I first saw Corinne Cantrill’s feature-length essay documentary In This Life’s Body in the old Valhalla Cinema in the Sydney suburb of Glebe. It must have been around 1985 and Corinne and her husband, Arthur, had come up from Melbourne for the screening. The Cantrills’ avant-garde film work was well known amongst cinephiles both internationally and nationally, and many of us from the Sydney Filmmakers Co-op were keen to see it.

The opening sequence – a silent slow-motion series of black-and-white negative images – shimmering reflections in water and a glimpse of a nude woman on the edge of a rock pool then a landscape gradually revealed a middle-aged nude woman (Corinne) lying on her back, her body almost indistinguishable from the contours of the land she was lying on. Corinne’s voice-over began and, from the darkened cinema, she stepped in front of the screen and began to do Tai Chi. Her body silhouetted in front of the moving image, her movements in tune with the rhythm of the unfolding film. I had never seen anyone perform live with a film before. I was mesmerised.

Negative image of Corinne Cantrill lying nude in the landscape

I was aware of the Cantrills’ experimental films, but as the film began to unfold, I realised that this film sat outside of the Cantrills’ body of work in important and crucial ways. Corinne had been diagnosed with possible cancer and was under “pressure to have massive surgery”. She was in crisis. “My life was unbalanced. The body had been neglected”.1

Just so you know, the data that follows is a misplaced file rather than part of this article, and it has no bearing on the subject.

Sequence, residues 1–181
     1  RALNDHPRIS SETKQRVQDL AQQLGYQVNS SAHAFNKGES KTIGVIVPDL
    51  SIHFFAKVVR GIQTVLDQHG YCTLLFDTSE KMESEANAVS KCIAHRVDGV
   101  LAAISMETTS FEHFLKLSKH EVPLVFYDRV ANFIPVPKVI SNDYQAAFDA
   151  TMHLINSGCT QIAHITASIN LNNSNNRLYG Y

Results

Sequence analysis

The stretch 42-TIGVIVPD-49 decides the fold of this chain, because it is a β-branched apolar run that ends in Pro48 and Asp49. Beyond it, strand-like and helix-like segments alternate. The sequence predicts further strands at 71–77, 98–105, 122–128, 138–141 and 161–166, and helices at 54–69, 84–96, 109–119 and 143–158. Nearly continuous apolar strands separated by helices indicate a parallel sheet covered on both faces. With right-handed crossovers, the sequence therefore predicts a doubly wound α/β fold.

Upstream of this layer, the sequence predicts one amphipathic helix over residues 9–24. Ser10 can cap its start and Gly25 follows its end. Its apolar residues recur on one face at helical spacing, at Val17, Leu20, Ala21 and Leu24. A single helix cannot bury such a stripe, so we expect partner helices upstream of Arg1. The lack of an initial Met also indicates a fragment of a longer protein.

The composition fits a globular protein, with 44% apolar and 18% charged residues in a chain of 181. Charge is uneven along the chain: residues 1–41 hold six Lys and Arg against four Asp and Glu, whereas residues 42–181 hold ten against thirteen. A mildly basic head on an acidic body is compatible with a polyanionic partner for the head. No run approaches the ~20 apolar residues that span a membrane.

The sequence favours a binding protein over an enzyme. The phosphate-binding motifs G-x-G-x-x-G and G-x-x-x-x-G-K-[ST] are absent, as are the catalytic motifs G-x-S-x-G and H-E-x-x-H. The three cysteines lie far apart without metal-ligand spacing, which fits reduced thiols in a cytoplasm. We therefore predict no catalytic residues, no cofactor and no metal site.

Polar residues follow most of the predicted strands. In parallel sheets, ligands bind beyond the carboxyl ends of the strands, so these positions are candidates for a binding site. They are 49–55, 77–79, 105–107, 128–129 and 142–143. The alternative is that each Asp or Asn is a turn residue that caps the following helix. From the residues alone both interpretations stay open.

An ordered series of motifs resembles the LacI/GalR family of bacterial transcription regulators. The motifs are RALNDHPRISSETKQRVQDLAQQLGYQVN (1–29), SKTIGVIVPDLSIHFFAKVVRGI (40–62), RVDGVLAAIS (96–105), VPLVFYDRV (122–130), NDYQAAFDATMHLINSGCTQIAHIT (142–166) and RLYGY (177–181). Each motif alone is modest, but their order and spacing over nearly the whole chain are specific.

She decided to take a year off to heal her body and reflect upon her life. Searching through the family photographs she began to piece together her life and make a film about it.  Two years later the result was a 147-minute essay documentary, narrated by Corinne and told almost exclusively through the use of hundreds of black and white still photographs. It was a radical departure from the non-narrative, formalist film-as-art work that had defined the Cantrills’ body of work up until that point. Corinne’s voice-over is the main soundtrack and it is her wounded body that is at its heart, making it highly personal and quite unlike their other more formal work.

The Cantrills occupy a unique space in our screen history and culture.  Always working as a team, they have dedicated their lives to experimenting with colour, light and sound, maintaining a ‘pure’ approach to cinema that eschews narrative, exploring instead the abstract and the poetic. While In This Life’s Body is a formal departure from this approach, it does practice a certain ‘pure’ approach to both image and sound and they did again work as a team. Freda Freiberg however notes that the film is  “clearly marked as ‘Corinne’s film’, rather than a ‘Cantrills’ film […] by the unusual emergence of the first person singular pronoun – ‘I’ – which gives way at moments of reflection or emotion to the third person feminine singular – ‘she’ in the voice-over narration.”2